Beyond Vassar

Bennett Harmonizes His Passions

By Edward Angel Sotelo ’93

When a theatrical performance comes to life, the long hours put in by the cast are dissolved by the suspension of disbelief. It’s no small paradox that the great team efforts involved in any show are ultimately infinitesimal, slight shifts whose aim is to make the artistic experience no less vivid than day-to-day existence.

These two qualities — the subtle and the collaborative — are what drew Mark Bennett ’85 to his profession of composer/sound designer/music director. After Vassar, the N.Y.C.-based Bennett studied composition and orchestration at the New England Conservatory. From there he began a long and fruitful relationship with the New York Theater Workshop, the Ridiculous Theatre Company, and the Hotchkiss Summer Theatre as either sound designer/arranger or music director. In the early ’90s, Bennett worked on a wide variety of productions, ranging from A Comedy of Errors for the New York Shakespeare Festival and Arms and the Man for the Center Stage Theater in Baltimore.

From that point, Bennett began casting his artistic net worldwide for over 10 years. He has served as both composer and performer for the innovative Yoshiko Chuma and the School of Hard Knocks, which toured Poland, the Czech Republic, Austria, and Japan; he also composed for “Lindbergh,” one of WGBH TV’s American Experience series. More recently, his various talents have seen duty in The Seagull, a play performed in Central Park (starring Meryl Streep ’71) and for Robert Wilson’s exhibition at the Museum of the Diaspora in Tel Aviv.

He credits Vassar’s academic rigor and open-mindedness as crucial to his development. “Within two weeks of being there, the Philaletheis Society needed a musical director for their production of Hair,” he recalled. “This experience alone solidified for me that this was a place where I could really stretch myself. I could explore lots of different aspects of my musical work while working on my nuts-and-bolts counterpoint and composition classes. By sophomore year, I already knew that music would be my chosen field.”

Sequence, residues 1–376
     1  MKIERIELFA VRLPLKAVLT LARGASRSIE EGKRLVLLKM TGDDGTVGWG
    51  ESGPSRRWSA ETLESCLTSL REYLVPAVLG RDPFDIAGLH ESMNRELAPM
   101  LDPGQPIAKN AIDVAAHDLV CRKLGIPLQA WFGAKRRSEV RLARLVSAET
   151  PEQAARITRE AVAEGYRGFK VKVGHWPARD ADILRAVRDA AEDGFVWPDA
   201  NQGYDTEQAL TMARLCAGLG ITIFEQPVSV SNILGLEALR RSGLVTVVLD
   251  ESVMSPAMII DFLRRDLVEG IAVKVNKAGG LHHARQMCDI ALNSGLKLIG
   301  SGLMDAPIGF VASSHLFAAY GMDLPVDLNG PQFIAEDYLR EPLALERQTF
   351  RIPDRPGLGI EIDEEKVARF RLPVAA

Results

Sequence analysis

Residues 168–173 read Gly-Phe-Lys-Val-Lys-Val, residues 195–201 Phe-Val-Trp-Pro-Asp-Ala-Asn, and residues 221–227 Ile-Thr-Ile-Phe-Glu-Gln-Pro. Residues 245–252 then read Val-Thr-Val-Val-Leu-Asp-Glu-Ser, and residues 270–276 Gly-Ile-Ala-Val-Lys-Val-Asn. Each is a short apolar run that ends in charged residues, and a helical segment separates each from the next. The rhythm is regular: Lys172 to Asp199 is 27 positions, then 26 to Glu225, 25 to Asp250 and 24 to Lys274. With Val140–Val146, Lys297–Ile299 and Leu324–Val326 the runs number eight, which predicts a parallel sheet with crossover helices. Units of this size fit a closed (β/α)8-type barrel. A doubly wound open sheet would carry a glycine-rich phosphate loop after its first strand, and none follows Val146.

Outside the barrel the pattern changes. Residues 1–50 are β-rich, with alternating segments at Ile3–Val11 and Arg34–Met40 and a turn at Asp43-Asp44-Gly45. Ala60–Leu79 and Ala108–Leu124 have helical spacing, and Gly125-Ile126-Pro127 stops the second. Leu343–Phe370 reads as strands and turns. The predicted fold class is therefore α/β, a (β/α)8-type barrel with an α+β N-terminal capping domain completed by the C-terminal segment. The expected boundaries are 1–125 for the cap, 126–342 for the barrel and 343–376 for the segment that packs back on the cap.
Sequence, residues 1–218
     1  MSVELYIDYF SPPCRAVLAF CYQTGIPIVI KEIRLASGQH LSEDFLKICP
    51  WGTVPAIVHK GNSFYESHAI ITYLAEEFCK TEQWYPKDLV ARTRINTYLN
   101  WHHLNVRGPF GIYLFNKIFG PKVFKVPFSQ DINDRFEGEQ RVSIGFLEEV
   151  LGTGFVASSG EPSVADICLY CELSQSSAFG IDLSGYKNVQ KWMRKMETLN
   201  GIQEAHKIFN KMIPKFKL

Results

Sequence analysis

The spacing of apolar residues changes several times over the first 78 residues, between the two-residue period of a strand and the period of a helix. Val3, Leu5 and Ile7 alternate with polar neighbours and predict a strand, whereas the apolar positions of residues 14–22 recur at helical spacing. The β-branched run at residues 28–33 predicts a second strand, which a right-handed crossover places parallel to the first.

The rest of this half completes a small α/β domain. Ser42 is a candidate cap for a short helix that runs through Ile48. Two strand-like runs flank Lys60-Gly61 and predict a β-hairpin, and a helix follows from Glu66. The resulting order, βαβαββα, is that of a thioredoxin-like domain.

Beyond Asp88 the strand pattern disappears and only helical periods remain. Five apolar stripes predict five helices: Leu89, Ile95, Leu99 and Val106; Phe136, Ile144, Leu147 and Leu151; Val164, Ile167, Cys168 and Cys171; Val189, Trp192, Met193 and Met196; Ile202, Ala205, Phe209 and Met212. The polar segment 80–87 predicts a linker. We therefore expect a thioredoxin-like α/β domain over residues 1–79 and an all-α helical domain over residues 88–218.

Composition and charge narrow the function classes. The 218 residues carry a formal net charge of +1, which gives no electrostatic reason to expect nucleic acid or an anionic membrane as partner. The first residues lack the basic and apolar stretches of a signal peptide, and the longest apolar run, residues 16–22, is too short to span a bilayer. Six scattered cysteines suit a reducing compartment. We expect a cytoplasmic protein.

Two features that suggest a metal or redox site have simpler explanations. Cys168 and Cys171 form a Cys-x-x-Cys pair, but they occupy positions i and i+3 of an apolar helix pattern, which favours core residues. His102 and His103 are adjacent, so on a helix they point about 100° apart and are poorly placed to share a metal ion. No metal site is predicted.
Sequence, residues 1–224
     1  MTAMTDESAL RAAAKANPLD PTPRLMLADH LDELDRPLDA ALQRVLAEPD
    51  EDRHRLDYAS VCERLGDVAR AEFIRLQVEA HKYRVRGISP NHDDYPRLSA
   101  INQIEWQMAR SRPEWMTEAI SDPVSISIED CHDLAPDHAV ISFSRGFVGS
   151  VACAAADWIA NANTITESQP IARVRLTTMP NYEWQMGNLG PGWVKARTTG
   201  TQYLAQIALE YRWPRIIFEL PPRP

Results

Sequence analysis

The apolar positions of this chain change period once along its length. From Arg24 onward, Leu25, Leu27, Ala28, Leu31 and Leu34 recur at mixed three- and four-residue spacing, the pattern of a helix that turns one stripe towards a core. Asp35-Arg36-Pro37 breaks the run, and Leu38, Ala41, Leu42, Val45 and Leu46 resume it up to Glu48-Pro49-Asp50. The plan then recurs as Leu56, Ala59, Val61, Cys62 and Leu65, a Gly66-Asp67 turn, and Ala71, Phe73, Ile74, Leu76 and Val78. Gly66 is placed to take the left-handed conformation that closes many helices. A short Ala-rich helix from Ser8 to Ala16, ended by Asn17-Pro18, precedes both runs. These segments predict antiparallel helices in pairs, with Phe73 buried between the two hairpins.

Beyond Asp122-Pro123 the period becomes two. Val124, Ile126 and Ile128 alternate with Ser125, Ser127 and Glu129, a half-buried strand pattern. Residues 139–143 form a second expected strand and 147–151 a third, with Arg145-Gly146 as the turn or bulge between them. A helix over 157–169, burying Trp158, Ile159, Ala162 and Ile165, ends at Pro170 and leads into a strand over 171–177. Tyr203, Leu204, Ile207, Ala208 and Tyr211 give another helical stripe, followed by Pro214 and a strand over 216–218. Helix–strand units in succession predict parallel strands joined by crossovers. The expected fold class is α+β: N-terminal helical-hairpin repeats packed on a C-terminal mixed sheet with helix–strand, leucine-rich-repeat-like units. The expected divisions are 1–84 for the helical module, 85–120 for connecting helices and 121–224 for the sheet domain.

Bennett also learned the value of Vassar’s willingness to allow for interdisciplinary dialogue. “At that time, I took composition with Annea Lockwood. She allowed us the respect normally afforded to colleagues while letting us wrestle with our own compositional ideas. About the same time, drama professor William Rothwell needed some arrangements of early American songs for a production. Thanks to the efforts of those two professors, it felt like my music and theater backgrounds had fallen into place together.

“At the beginning of my senior year Professor Evert Sprinchorn asked me to compose and music-direct a new translation of Hippolytus he was directing. He understood that my senior music thesis would be an ideal synthesis of my split interests. I used my technical background from electronic music classes to record and create the show tapes, and develop the paperwork that allowed the music and sound to be properly executed. That project became my first full score and sound design for theater. What I do today is actually not that much different from that first project 17 years ago.”

As a composer, Bennett writes original music for theatrical performance. His function as sound designer, however, is slightly different. “For me, sound design is the creation of compositions that support and enhance the theatrical event. I manipulate textures, sound effects, and other music to create collages that move through space and around an audience. For instance, in the Broadway revival of Arthur Miller’s A View From the Bridge, I created an environment of an Italian neighborhood while utilizing both Italian folk music recordings and my own piano and percussion score. In every case I must understand the director’s vision and honor the playwright’s intentions.”

For Bennett, Vassar’s diversity of approach isn’t only necessary; it is what’s given him the most artistic satisfaction. “One of the reasons I write for theater instead of string quartets is that I love the ensemble quality of theatrical creation,” he said. “You’re responding to many people — that’s the challenge and the fun. You pick and choose from the feedback you receive to create what the audience finally hears. I am endlessly fascinated with the product that is the result of all that creation. I enjoy being part of the artistic sum.”

Sotelo, a 1993 religion major, works for the Cleveland Public Library and plays electric bass in the rock band Cobra Verde.